It used to be that when we hired a new manager, we would manually dig up much of that “why” from old emails and discuss it with the new hire during onboarding. Now, the pull request knows why (not to mention who and when), and everyone in engineering can read it anytime.

What we’ve learned

Though we’re meeting our original goals with our new change process, there are still issues, of course. It’s not working perfectly for nontechnical people who might be less familiar with GitHub, and the UI for making changes to our documents could be easier as well.

We’re working to improve the inclusivity of our process with training, much like Aaron Suggs described in his Velocity talk on “GitHub for Poets” at Kickstarter. And we’re using pair programming techniques for process documents. To give early ideas a safe place to form, we’re turning focused conversations of a few people, in forks of the main culture repo, into proposals worth sharing and turning into pull requests.

We’ve also learned to actively discourage email discussions, closing threads with BCCs and pasting them into pull requests. We try to structure our repos and orgs so people can use GitHub notifications to stay informed. It’s also helpful to keep comments open after the merge, as we’ve seen cases where half of the discussion happens after that point. Finally, using GitHub’s quick pull requests really helps to lower the contribution barrier.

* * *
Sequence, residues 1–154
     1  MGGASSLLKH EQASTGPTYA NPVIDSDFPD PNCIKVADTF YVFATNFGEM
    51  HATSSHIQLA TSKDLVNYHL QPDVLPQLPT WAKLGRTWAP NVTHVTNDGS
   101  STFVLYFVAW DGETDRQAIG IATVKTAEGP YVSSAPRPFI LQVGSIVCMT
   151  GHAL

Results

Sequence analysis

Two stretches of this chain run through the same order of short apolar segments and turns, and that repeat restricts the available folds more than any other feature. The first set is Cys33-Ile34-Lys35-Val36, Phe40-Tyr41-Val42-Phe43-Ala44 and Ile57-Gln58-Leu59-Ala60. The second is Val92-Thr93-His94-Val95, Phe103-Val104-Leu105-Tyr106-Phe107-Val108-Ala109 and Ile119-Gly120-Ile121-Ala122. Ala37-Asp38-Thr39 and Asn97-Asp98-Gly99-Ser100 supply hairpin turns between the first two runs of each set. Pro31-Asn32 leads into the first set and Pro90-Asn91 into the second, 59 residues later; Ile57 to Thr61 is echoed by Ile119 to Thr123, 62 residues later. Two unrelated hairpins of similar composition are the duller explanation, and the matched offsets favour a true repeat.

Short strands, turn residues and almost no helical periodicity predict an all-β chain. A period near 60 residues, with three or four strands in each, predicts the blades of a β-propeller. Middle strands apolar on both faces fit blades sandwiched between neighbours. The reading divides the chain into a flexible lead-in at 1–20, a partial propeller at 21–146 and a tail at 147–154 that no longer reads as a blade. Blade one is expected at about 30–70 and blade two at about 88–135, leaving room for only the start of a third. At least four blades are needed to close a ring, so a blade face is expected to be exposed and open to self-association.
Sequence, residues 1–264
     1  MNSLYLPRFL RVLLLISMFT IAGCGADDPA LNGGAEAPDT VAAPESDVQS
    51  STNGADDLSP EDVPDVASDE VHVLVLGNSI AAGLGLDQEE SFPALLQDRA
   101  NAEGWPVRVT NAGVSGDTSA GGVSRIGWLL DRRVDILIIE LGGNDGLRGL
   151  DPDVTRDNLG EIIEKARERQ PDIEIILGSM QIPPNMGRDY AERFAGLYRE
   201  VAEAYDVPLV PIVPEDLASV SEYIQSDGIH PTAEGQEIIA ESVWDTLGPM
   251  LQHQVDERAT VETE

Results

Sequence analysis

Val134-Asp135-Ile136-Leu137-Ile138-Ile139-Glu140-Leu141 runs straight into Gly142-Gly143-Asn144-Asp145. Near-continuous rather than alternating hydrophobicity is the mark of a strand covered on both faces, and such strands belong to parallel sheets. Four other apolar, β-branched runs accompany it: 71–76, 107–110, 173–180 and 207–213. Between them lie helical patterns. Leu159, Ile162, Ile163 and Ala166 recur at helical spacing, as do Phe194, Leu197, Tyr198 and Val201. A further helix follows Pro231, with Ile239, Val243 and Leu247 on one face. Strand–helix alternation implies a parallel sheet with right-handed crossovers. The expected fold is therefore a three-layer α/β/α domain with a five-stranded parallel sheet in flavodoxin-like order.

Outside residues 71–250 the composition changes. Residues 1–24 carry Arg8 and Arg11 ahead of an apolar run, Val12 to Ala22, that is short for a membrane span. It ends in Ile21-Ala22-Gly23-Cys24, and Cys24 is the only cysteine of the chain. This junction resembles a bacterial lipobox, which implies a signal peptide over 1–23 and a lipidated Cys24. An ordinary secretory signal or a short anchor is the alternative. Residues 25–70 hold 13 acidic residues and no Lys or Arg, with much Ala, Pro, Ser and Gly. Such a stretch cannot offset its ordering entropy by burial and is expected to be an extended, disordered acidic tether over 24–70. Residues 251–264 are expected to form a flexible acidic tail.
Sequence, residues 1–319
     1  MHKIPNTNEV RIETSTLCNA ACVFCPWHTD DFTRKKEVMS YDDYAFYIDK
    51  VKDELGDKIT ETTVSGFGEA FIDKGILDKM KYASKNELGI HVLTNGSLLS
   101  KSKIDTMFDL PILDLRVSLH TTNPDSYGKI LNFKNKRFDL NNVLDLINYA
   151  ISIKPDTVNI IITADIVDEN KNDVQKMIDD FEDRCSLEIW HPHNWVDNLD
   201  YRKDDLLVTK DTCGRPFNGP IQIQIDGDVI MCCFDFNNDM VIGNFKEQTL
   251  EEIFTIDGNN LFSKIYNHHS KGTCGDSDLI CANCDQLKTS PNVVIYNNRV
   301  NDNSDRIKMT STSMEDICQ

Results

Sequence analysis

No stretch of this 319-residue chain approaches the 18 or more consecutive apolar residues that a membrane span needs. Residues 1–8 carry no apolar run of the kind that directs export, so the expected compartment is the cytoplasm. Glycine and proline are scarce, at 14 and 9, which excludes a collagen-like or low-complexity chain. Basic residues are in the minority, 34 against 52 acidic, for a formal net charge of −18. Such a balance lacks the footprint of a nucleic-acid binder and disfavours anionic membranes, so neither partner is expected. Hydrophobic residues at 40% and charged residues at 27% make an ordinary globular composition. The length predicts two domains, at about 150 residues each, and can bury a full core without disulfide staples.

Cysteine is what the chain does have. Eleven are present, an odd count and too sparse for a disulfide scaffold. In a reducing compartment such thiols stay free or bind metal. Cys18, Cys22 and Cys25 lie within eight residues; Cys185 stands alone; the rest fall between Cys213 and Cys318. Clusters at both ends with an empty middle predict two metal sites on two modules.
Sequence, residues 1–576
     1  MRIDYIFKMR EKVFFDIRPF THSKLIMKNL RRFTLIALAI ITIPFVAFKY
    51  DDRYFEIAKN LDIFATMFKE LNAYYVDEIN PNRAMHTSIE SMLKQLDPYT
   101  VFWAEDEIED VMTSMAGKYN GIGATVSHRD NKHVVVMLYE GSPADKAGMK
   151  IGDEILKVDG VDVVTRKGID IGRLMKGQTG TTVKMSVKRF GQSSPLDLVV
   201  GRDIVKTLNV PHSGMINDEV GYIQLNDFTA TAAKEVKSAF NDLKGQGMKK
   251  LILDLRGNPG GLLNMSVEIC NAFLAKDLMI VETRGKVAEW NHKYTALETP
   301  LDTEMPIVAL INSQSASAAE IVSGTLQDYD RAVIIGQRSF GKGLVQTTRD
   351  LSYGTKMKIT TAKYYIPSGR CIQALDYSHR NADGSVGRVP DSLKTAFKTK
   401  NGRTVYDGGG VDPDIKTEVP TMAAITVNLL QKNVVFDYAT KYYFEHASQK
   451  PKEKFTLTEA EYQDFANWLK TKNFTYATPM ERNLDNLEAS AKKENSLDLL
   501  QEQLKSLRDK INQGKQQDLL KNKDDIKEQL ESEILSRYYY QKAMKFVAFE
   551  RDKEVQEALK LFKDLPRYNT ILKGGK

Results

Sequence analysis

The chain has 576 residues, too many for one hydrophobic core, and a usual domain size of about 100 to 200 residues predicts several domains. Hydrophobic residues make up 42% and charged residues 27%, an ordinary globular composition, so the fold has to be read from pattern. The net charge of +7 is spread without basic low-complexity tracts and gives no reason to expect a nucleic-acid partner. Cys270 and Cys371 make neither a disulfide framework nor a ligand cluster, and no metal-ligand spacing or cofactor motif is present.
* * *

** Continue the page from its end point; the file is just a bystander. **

Hopefully, this post has inspired you to think about your own organization’s engineering culture and process, how to keep them in step, and, most of all, why it’s important to do so.

See the slides from my original presentation below:


Background image courtesy of Shutterstock.com.

For more than 15 years, Ralph Bodenner has shipped customer-focused software, starting at Amazon.com, and then building developer tools at two reconfigurable hardware startups. Since his arrival at New Relic in 2009, he’s been dedicated to building effective software teams. As director of engineering, his experience crosses all aspects of software development, enabling his team to provide continuous delivery in a complex, software-as-a-service environment for a customer base that has grown to 90,000 in six years. Ralph holds an AB in Computer Science from Duke University. View posts by .